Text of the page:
Jeffrey A. Bilmes
E E 596
Topics of current interest in signal and image processing. Content may vary from offering to offering. Prerequisite: permission of instructor.
This course will serve as a thorough overview of dynamic graphical models including hidden Markov models, dynamic Bayesian networks, sequential conditional random fields, deep belief networks and deep models in sequential processing, Kalman filters, switching Kalman filters, linear and non-linear dynamical systems, and other time-series methods.
For each of the above, we will discuss the issues behind and methods for computing various forms of exact and approximate inference, and how this is distinct from the static graphical model case. We will The approximation schemes we will discuss will be particularly suited to dynamic models. This includes forward/backwards algorithms, temporal junction trees and dynamic triangulation, conditioning and factorization approaches, variational approaches, sampling and particle filter approaches (including importance sampling and Rao-Blackwellization), beam pruning strategies, and multi-pass course-to-fine strategies. We'll also discuss the island algorithm and other time-space trade-off strategies, including methods to run sequential models on large parallel machines.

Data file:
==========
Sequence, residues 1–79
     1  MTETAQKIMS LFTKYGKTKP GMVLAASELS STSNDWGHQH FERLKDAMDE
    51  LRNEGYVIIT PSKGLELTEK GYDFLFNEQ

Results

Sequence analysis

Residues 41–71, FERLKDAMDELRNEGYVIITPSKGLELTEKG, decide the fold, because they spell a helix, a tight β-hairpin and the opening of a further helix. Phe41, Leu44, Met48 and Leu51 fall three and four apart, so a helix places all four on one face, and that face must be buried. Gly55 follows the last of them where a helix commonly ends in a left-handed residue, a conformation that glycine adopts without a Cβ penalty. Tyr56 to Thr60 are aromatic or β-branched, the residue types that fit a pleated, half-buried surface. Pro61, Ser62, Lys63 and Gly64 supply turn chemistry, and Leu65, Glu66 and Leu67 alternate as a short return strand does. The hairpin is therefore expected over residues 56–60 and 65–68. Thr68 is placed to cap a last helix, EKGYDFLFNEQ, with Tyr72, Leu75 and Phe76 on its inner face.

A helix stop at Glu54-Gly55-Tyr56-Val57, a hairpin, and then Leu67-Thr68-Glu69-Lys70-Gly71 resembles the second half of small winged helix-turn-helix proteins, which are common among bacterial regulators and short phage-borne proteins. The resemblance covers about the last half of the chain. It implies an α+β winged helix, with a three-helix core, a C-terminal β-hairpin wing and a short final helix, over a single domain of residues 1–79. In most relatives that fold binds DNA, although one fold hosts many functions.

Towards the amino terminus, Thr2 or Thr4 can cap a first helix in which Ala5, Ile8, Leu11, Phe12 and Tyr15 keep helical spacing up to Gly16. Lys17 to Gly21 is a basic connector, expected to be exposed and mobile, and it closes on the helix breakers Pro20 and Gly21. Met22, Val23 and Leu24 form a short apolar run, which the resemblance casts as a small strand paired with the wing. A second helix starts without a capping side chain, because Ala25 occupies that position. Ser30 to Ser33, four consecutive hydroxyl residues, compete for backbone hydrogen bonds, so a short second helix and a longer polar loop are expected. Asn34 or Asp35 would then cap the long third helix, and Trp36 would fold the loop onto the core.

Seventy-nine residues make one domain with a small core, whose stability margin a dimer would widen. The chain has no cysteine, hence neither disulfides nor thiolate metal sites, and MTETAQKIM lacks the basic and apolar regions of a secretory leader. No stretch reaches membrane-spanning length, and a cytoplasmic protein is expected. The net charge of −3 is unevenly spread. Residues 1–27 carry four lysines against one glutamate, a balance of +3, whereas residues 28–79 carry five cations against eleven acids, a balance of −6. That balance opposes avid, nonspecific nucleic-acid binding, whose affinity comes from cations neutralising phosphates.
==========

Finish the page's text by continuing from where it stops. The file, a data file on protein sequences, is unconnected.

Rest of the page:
We will also cover learning algorithms, including generative and discriminative training (MMIE, MDI, and MCE, etc.) and model-specific approximations (often from the speech recognition community), and structured max margin approaches (often from the machine learning community).
We'll cover a number of applications including speech recognition, natural language processing, bioinformatics, econometrics, robotics (i.e., localization and mapping), activity recognition, and temporal models for inference with multi-rate sensing devices.
Prerequisites: basic probability, statistics, and random processes (e.g., EE505 or a Stat 5xx class or consent of the instructor). Knowledge of matlab. It would be useful to know static graphical models, but this is not necessary as the inference methods and applications are so different between the static and the dynamic case.
The course is open to students in all UW departments.
Texts: We will mainly use written material that will be made available on the web page, class presentation slides, as well as other printed and online material.
Grades and Assignments: Grades will be based on a combination of a final project, class attendance, class participation, and several homework assignments.
Meeting time/place: MW 1:30-3:20 PCAR 492
Final project: The final project will consist of a 4-page paper (conference style) and a 15 minute final project presentation on material related to the course (which may be a paper review).
Student learning goals
General method of instruction
Class assignments and grading